The witty, barbed, sometimes expansive, sometimes stunted exchanges between the characters are punctuated by Butler’s songs, which even more amazingly the actors are singing and playing instruments to (you may wonder where the real band are hiding offstage; nope, they are right in front of you doing this thing).
The tone and mood of the play is set at the beginning as Simon and Diana chat about the night before, as Grover and Charlie set the studio up. The bandmates’ conversations freewheels from good dry cleaning to porn to Diana meaningfully insisting, “I do not have a confidence problem. I’m just getting my motors running.”
Grover tells Charlie the four rules of engineering: “You need to show up; you need to pay attention; you need to tell the truth; and you need to deal with the consequences.” This he hews close to, even as tensions within the studio rise. Reg knows his messiness has helped torpedo his marriage; Simon addresses him in a mocking babyish tone as a “sad, sad man in a blanket.”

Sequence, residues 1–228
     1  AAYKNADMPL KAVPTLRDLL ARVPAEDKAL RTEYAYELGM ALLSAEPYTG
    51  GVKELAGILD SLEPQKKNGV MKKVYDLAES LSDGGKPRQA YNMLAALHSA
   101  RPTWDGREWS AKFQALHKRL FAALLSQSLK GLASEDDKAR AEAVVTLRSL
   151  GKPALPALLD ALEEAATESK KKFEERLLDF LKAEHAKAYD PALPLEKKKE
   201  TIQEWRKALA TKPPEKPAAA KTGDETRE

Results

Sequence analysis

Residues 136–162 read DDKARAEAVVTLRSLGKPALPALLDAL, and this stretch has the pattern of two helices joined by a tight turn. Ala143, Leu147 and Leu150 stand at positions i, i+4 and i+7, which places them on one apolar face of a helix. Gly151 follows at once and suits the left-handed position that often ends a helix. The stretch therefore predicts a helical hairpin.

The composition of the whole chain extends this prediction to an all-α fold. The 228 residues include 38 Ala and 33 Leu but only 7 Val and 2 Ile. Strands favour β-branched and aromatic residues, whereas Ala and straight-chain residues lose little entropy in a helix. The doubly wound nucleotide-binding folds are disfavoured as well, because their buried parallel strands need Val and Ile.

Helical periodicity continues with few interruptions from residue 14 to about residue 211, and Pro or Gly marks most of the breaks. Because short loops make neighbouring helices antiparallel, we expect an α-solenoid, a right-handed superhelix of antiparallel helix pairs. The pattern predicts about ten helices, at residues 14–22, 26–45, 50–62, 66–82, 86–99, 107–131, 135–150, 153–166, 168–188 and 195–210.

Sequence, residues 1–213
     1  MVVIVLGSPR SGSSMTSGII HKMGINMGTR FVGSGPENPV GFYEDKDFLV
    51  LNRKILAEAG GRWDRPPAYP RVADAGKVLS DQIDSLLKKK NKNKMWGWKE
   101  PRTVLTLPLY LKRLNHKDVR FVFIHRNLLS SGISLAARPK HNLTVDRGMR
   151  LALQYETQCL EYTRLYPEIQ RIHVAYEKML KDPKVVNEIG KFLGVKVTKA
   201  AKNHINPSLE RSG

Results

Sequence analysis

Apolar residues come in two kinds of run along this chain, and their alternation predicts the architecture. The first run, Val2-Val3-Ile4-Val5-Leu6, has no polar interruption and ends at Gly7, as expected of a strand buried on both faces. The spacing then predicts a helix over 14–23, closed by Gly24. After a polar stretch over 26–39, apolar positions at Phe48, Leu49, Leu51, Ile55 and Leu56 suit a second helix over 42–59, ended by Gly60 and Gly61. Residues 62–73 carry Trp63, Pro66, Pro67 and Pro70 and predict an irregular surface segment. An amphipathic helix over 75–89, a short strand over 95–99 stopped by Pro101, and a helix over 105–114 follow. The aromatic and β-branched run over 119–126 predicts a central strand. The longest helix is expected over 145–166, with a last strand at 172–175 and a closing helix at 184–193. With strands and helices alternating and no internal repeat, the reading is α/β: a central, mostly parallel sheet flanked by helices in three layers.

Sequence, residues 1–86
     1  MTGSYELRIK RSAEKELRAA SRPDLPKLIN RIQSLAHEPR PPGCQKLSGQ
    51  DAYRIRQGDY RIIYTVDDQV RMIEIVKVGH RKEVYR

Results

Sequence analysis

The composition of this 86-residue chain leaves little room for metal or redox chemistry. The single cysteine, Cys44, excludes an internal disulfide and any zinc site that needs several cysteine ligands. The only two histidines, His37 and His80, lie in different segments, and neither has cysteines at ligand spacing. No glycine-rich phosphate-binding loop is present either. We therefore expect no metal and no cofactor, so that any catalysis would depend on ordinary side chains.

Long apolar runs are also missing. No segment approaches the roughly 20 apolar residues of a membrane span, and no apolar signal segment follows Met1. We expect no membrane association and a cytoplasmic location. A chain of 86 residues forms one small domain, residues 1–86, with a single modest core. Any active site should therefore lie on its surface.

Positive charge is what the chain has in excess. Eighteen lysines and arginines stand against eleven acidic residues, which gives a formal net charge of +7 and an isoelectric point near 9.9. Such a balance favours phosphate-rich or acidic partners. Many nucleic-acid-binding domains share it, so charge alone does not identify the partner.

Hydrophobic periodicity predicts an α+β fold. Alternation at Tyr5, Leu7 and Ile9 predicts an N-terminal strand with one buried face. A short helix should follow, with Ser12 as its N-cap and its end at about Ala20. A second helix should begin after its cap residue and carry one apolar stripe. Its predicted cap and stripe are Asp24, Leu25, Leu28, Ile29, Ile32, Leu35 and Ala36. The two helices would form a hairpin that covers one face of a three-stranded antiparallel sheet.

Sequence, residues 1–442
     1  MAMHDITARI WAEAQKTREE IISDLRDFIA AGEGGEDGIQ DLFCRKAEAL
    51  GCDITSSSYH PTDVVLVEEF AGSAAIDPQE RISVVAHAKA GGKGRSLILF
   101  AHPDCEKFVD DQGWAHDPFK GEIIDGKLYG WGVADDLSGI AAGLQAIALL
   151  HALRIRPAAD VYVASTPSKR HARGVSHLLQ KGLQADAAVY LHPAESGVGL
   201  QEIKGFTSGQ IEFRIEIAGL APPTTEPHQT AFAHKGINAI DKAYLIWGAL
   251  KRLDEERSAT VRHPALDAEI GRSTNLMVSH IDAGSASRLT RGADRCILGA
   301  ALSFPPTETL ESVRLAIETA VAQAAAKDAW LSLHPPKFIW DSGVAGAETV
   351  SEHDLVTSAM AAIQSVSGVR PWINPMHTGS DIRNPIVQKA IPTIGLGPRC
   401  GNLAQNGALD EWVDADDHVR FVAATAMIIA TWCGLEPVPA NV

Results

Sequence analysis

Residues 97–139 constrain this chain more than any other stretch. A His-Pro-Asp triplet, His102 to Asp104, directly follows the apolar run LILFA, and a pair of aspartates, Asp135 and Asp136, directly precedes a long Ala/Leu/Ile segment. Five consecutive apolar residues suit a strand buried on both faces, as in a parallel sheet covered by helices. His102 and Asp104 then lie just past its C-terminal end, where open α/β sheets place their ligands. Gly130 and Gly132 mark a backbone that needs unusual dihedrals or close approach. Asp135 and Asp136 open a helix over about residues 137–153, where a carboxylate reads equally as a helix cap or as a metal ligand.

“I’m not wiping your face anymore in the middle of the night so you don’t choke on your vomit,” Holly tells him.
The songs are beautiful, strong, pulsing interludes to remind us how great this band are away from the kvetching and bitching; you hope they find a way through their morass of problems to finish the album. Holly comes to realize “a relationship, any relationship, is a series of negotiations.” Peter’s control over the band, and his attempted control over Diana, becomes harder and uglier as time goes on. Diana, whose solo song is long and may be up top be cut if the album becomes too long. asks him why he feels the need to “move my hand and force my hand and control every single thing.”
When he tries to convince her the answer to their problems is for her to have a baby, she says, “You’ll be fine. My life will be ruined! We’ll have a screaming baby. I’ll be tripping all over my breast milk.” Grover and Charlie, and by extension us, listen into one major hissing row in the studio via a talkback switch.